The federal government skipped key contracting requirements when awarding hundreds of millions of dollars to build the troubled HealthCare.gov site, according to an inspector general’s report.
The investigation published Tuesday by the Office of Inspector General for the Department of Health & Human Services found the federal government failed to probe fully the past performance of CGI Federal Inc., a subsidiary of a Canadian information technology firm, before awarding it a contract to construct basic parts of the insurance enrollment site.
Federal officials also drafted agreements that left the government on the hook for whatever it cost contractors to complete their work, investigators said. Several big contracts including CGI’s ballooned to twice or three times the estimated cost.
HealthCare.gov is the main platform for people to buy insurance under the 2010 Affordable Care Act and apply for tax credits toward the cost of their coverage.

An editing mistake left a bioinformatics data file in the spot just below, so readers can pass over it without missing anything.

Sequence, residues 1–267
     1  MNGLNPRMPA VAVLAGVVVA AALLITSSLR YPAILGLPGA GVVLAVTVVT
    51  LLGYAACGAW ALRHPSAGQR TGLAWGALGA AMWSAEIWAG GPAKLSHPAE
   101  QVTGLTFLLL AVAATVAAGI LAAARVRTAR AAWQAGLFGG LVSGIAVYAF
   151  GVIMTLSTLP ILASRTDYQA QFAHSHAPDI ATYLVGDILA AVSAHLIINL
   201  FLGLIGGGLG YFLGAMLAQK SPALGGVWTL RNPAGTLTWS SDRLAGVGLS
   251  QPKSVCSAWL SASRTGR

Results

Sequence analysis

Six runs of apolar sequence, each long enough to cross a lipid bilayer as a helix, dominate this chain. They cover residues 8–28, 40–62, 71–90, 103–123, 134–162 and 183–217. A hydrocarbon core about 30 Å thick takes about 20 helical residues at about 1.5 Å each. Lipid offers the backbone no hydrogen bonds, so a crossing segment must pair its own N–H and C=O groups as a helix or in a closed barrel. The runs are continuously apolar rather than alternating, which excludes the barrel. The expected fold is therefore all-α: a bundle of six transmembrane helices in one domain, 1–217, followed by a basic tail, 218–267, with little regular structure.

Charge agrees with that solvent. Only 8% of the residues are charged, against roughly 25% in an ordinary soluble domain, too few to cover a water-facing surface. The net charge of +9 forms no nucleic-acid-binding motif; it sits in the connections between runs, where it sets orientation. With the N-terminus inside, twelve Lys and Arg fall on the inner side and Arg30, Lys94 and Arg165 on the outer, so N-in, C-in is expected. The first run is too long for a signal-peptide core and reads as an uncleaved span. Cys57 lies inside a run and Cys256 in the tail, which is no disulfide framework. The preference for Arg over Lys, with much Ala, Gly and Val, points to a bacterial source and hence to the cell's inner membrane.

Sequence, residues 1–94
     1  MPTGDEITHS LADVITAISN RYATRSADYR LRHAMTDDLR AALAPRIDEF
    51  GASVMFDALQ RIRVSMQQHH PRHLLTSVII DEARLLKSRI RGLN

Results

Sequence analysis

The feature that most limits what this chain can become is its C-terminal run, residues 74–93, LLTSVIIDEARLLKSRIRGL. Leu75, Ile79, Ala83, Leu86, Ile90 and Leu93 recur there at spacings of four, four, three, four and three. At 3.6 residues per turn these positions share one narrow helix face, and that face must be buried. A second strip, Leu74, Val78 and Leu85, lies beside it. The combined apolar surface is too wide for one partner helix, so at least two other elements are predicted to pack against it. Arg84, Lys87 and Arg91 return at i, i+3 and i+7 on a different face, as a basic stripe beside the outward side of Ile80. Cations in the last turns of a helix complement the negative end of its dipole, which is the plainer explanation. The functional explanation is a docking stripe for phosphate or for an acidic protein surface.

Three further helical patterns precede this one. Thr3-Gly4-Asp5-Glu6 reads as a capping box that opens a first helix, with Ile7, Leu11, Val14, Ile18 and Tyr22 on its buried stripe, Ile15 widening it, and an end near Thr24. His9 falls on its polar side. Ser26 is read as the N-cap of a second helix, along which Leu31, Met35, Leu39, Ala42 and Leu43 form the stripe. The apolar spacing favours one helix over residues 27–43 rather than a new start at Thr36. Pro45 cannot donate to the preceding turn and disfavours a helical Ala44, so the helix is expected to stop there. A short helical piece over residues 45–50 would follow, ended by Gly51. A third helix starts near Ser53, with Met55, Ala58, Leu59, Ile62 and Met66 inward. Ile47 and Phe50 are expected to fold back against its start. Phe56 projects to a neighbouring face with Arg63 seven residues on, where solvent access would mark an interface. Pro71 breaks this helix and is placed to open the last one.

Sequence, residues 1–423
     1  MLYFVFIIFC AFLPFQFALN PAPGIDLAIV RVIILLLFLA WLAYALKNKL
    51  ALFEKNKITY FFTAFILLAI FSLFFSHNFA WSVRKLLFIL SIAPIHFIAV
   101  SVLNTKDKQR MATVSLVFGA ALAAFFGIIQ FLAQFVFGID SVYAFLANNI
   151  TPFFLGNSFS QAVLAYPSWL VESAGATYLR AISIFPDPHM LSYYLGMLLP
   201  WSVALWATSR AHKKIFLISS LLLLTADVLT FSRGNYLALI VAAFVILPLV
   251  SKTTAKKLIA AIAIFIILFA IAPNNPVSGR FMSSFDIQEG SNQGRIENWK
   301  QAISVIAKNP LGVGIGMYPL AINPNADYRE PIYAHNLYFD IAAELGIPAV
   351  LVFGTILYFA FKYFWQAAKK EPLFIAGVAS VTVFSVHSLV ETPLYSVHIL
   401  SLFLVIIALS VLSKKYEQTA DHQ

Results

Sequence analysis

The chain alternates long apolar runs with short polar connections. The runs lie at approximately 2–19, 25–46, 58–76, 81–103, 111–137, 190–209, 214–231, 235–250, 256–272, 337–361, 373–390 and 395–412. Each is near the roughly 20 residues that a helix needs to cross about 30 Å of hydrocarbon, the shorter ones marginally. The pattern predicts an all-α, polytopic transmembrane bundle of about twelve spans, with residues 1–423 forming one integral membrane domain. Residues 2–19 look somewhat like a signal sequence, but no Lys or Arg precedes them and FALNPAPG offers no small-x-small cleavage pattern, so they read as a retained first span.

The report of work carried out by the Centers for Medicare and Medicaid Services, the HHS unit tasked with building the site, paints a picture of rushed and sloppy activity with poor oversight that didn’t meet the agency’s standards. The site launched in 2013 with many problems that initially crippled enrollments by consumers.
Officials from HHS and CMS told the inspector general they concurred with the recommendations in the report. A CGI spokeswoman didn’t comment.